The 2008 Election
Stephen Carter is the William Nelson Cromwell Professor of Law at Yale Law School. He has taught at Yale since 1982. Carter is known for his legal and social policy writings, which include Reflections of an Affirmative Action Baby, The Culture of Disbelief, and God's Name in Vain: The Wrongs and Rights of Religion in Politics. He has also written novels, including New England White and The Emperor of Ocean Park. Carter's areas of expertise include constitutional law, contracts, intellectual property law, secrets and lying, and law and religion. He clerked for Judge Spottswood W. Robinson III of the D.C. Circuit of the U.S. Court of Appeals for and Justice Thurgood Marshall of the U.S. Supreme Court. He was educated at Stanford University and Yale, where he earned his law degree.
Topic: The 2008 Election
Stephen Carter: I don’t think it’s reasonable to expect that candidates for public office are going to have good solutions to the crisis of integrity in our life – in our public life. And it’s not because politicians can’t have integrity. Of course they can. I don’t dump on politicians the way some people do. It’s because it’s not a problem the government can fix. It’s a problem that we have to decide to fix in our private lives. I would like to see candidates talk more about poverty; but I worry a lot that Democrat and Republican candidates alike use it mainly as a club to hit us over the head. It’s not so much whether they’re committed to in their campaigns in a serious way. It’s more a tool for making other people look bad. It’s really unfortunate. If you look at the trends, for example, in the black community, the trend toward income stratification – that is the well-to-do black people getting better off, and the worse-off people getting worse off – that’s gotten worse under the Bush administration. It got worse under the Clinton administration. It’s just been getting worse for years. It’s not a left-right thing. It’s just been getting worse, and getting worse, and getting worse. Most of the trends . . . there are some that are on an uptick. Most of the trends in the black community that are troubling, and that are going in the wrong direction have been going in the wrong direction for a long time. So it’s not a matter of which party is in power; it’s that it takes more to fix them. There’s a need for public solutions. There’s a need for some policies. There’s also a need for private solutions; a need for people to try to fix some things from within as well. I’m not terribly sanguine about our willingness to do either one of those things. I’m not terribly sanguine about our willingness to do the things that will cost money in the public sector. I’m not terribly sanguine about our ability to encourage marriage, which might cost people ideological points. And if we can’t do those things then I don’t know what the future is for these problems. I honestly don’t know what it is we’re going to do. And understand, when I say poverty, I mean it’s an absolute sense. I don’t mean . . . I don’t care in America if rich people get really rich. I don’t care about who’s got the most money. I’m interested in people at the other end. It’s not that, oh goodness, the rich people have money; the poor people don’t. I’m interested in why is the reason people don’t have money is because rich people have money; or is there some other reason? It’s important to know why poor people are suffering – to be able to fix their suffering. And I think too often we guess at why they’re suffering. And sometimes we guess wrong. Sometimes we guess wrong. And yes, sometimes there are some problems that could be not repaired, but it’s __________ we’d spend more money and I wish we would. But not every problem can be helped along that way.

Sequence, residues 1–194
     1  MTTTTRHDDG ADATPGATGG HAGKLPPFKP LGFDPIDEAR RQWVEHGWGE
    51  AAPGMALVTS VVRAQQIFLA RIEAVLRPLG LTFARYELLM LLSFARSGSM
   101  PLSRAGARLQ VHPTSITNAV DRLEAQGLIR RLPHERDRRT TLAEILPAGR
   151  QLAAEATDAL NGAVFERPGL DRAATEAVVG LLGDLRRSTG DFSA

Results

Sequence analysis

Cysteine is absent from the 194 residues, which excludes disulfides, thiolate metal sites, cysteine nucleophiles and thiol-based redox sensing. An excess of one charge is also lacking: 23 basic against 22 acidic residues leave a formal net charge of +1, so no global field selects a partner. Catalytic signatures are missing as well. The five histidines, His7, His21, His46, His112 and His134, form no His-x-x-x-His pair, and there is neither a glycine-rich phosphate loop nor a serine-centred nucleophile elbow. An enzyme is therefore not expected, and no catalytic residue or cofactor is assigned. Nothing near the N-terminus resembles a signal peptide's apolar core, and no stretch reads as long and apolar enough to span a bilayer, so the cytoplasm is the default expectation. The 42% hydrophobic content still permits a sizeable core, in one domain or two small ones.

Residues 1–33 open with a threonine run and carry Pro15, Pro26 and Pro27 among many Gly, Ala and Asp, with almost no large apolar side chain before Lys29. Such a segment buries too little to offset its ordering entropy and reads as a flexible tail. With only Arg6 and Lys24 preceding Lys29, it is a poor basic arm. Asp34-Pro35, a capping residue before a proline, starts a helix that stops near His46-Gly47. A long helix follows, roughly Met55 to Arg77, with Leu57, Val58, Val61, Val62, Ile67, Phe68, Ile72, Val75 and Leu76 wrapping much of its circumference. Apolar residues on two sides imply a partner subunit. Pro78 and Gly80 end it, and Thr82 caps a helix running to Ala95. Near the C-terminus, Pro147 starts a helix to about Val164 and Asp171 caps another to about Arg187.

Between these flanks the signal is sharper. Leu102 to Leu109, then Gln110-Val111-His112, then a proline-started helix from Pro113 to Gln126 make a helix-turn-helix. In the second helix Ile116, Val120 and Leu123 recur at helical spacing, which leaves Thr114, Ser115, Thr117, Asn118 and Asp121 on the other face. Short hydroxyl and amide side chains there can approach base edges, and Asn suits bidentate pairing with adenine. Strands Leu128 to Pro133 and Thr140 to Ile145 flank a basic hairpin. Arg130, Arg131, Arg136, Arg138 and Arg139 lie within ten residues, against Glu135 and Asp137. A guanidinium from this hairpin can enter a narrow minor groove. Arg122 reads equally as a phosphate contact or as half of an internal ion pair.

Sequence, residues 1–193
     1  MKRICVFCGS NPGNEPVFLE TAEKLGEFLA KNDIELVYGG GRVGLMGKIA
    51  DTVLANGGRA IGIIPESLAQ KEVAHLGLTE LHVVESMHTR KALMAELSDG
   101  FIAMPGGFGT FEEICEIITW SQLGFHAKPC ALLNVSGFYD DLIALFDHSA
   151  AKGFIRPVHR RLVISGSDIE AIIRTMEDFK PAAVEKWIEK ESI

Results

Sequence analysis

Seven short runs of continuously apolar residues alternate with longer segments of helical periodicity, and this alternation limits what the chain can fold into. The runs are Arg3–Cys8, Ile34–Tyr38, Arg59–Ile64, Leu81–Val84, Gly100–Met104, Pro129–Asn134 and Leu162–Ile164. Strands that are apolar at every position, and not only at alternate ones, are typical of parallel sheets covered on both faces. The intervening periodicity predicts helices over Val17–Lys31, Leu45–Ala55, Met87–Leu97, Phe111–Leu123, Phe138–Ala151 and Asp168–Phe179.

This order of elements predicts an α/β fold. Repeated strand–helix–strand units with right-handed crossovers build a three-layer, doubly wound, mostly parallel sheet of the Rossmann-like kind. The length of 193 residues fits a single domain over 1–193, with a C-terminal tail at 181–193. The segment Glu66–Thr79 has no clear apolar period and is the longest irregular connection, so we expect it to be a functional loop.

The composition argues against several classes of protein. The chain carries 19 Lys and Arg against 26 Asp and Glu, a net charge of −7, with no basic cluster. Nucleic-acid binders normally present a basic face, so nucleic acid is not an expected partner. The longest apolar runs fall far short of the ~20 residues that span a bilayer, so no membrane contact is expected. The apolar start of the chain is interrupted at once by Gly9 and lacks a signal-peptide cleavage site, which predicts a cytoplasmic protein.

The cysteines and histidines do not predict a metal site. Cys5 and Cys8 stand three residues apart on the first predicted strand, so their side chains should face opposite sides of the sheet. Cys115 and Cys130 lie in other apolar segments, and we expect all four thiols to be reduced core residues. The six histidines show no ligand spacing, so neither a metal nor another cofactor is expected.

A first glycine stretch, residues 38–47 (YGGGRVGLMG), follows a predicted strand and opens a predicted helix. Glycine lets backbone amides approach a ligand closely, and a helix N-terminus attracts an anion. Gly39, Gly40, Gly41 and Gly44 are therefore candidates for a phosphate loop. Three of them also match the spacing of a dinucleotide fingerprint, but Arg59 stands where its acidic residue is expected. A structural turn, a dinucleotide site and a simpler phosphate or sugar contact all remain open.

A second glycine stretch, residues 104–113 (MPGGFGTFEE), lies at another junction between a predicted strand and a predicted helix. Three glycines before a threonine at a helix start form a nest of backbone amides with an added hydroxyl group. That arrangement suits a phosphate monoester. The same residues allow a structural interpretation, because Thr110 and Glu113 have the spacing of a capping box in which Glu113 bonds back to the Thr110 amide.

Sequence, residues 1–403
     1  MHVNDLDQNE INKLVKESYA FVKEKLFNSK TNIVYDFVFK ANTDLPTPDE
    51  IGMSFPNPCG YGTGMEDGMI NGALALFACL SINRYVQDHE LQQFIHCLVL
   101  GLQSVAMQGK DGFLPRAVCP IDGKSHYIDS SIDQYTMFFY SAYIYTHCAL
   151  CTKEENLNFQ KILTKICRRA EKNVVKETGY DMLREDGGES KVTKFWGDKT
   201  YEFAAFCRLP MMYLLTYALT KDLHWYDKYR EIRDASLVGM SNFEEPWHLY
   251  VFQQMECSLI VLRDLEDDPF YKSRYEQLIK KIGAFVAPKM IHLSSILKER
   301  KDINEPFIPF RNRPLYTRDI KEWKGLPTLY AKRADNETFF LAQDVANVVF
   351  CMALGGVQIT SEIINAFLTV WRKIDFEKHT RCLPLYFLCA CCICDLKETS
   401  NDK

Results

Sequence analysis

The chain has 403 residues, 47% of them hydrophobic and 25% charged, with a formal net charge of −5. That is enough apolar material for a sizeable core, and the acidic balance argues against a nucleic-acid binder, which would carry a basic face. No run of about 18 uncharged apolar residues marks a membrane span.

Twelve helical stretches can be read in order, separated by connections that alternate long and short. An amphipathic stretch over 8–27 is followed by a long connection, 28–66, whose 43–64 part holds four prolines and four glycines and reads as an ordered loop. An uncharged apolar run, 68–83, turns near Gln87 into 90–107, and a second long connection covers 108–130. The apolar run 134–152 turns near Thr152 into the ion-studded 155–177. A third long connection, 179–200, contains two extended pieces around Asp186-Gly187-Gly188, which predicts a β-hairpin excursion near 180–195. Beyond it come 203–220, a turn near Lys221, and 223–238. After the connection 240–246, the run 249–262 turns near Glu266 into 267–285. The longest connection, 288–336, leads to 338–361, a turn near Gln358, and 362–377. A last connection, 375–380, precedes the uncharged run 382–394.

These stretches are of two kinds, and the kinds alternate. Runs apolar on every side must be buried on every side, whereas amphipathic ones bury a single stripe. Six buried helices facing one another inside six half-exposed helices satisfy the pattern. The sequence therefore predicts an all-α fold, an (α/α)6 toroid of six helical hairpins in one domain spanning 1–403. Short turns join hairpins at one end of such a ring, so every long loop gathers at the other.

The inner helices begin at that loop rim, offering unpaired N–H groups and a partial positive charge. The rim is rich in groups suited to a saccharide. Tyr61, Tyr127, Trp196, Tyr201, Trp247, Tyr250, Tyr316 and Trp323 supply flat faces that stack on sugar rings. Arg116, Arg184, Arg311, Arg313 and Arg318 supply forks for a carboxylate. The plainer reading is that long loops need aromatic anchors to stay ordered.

Recorded on: 7/25/07
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